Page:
On January 22, The United States Supreme Court cleared the way for a ban on Transgender personnel in the military. What does that mean for Transgender Salesforce Ohana in & around Vetforce events? Two founders share their experiences: One is part of the Transgender community; the other is part of Vetforce. Read as we share our reasons for building this somewhat unconventional bridge between competing consulting agencies, and why it makes us stronger when we choose to work together, instead of against each other.
I’m Ashley Allen, the founder of ITequality. My first experience with the military was being told in 2005 that I was disqualified from even taking the entrance exam for 3 reasons: 1. Because I am partially blind; 2. Because I have a history of mental health issues; and 3. At the time I was underweight. I was disappointed largely because I had been tutoring people in preparation for the exam for more than a year, and I wanted to take the test so I could better help candidates. Not long after this experience, I started dating someone who was in the military, but the relationship ended in severe domestic violence. There is a lot more to this story, but to sum it up, my past experience with the military has not been the most positive.
In 2017 I founded my company with a mission to help promote awareness and visibility for LGBTQIA people. I never imagined I would be connected in any way with Vetforce. Truth be told, it was something I actively avoided due to my past. Then life threw me a curve ball when I was asked to quote a consulting engagement with a company who contracts for the military. I started panicking simply because of my past. As much as I didn’t want to turn away business, I also knew this was not a project I could tackle on my own. The fact is, I do not have industry expertise with the military or the ability to relate with the subject material, so I called someone I trusted and knew could ace this project. That was the day my partnership with Cloud Pathfinder began.
I’m Jesse Grothaus, founder of Cloud Pathfinder Consulting. My first experience with working alongside the LGBTQIA community was actually in my time with the Army under the Don’t Ask Don’t Tell policy, which protected the LGBTQIA community against harassment while also barring them from service at the same time. It was an interesting paradox, but when I asked my mentors about it, they had some of the best wisdom I’ve kept close to me since then. “When anyone puts on the uniform, they’re Army green.” What this meant was that sexual orientation, religious beliefs, skin color, political leaning… none of it mattered when you put on the Army uniform. At that point, we were all American soldiers. Nothing more, nothing less.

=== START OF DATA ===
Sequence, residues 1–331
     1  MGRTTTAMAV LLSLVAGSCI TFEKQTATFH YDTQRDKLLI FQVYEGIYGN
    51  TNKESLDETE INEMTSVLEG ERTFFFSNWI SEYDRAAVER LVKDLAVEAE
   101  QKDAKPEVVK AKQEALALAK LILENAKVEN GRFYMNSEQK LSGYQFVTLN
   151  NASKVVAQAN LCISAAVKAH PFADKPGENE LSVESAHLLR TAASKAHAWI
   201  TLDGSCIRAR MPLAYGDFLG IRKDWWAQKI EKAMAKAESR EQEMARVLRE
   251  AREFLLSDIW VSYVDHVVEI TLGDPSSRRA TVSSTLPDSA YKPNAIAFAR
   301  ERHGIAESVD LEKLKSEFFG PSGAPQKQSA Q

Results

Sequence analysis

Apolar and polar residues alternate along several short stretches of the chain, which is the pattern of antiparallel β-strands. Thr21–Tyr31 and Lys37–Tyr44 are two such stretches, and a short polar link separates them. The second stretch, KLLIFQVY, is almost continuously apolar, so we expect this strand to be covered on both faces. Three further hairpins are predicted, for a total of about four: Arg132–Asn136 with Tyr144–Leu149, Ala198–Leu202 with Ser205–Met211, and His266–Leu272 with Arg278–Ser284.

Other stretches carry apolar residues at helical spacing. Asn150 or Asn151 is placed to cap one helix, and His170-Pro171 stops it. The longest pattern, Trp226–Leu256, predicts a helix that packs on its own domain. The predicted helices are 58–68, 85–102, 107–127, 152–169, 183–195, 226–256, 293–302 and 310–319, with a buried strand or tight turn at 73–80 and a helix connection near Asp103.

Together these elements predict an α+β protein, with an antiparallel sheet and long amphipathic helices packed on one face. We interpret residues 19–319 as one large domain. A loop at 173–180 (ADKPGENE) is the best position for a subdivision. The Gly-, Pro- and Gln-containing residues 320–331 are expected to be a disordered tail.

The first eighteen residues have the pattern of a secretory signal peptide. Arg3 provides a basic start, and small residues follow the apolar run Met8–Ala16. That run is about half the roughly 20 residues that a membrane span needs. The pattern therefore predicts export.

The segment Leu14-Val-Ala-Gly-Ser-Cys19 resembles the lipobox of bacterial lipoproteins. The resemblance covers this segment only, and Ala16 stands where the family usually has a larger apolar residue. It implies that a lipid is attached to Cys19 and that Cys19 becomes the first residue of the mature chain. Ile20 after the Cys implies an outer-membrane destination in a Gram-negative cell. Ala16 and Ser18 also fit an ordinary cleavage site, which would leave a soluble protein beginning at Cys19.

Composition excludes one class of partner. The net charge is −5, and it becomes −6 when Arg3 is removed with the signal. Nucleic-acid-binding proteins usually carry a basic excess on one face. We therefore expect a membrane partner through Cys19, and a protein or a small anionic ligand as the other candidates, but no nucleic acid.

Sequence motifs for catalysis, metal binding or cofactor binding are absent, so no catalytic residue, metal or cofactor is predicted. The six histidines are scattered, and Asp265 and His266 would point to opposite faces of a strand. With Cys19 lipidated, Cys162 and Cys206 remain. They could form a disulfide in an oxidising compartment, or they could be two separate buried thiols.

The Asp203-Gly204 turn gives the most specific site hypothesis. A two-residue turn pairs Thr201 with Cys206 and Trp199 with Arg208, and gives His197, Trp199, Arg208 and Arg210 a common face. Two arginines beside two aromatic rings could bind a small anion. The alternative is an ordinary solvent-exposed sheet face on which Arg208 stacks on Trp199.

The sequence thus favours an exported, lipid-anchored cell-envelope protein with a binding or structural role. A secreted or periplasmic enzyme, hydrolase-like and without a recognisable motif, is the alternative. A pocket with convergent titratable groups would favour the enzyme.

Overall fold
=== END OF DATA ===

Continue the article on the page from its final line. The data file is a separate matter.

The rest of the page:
Military members care about one thing: the mission. We become hyper-focused on accomplishing the mission as a unified team, regardless of the combination of people we have on the team. When ITequality reached out for this project, that feeling was no different. There was a mission that needed to be accomplished, and we put on a single uniform to blaze the trail for our client.
I’m someone who has punk rock music coursing through my blood, Propagandhi, Anti-Flag, Bad Religion, Social Distortion, The Distillers to name a few. My list of personal grievances with military personnel is a mile long. I always have appreciated the military, and it is completely necessary. I also highly respect the people who do such a difficult job, which I could not. Despite all of that, I really had to do some soul searching about how to not just ‘get by’ around Vetforce members, but also respect them and what they are building.
The thoughts of gratitude that go through my mind for Vetforce is this: thank you for helping veterans transition back to civilian life in a way that is going to provide them with some of the best jobs on the market. I have seen many veterans struggle to get on their feet after leaving the military, and there are not enough resources out there. One of my closest friends was in the military, and because of PTSD he never really got off his feet. As a fierce advocate for mental health, I know beyond any doubt that someone who is already struggling with PTSD who also has to struggle just to put food on the table is far more likely to hurt the people who love them, than a person with PTSD who has a well paying job and the benefits they need to get help. For that reason I am incredibly happy Vetforce exists because the good that comes from it has a far reaching impact to all the loved ones surrounding all Vetforce members. So, to you, Veforce, I say thank you.
The standards may fluctuate on who’s allowed in or not, but a veteran is a veteran no matter what. Vetforce is open for all veterans regardless of your gender affiliation. “One team one fight” rings true for everyone.
IN THE GLOBAL COMMUNITY OF SALESFORCE, OHANA MEANS FAMILY. IT DOES NOT MATTER YOUR BACKGROUND OR WHERE YOU COME FROM BEFORE THE MOMENT YOU ENTER THE WORLD OF SALESFORCE. WHAT MATTERS IS WHAT YOU CHOOSE TO DO WITH YOUR BEHAVIOR FROM THAT MOMENT FORWARD. WE TAKE CARE OF EACH OTHER, WE SUPPORT EACH OTHER, WE RESPECT EACH OTHER’S UNIQUE PERSPECTIVE.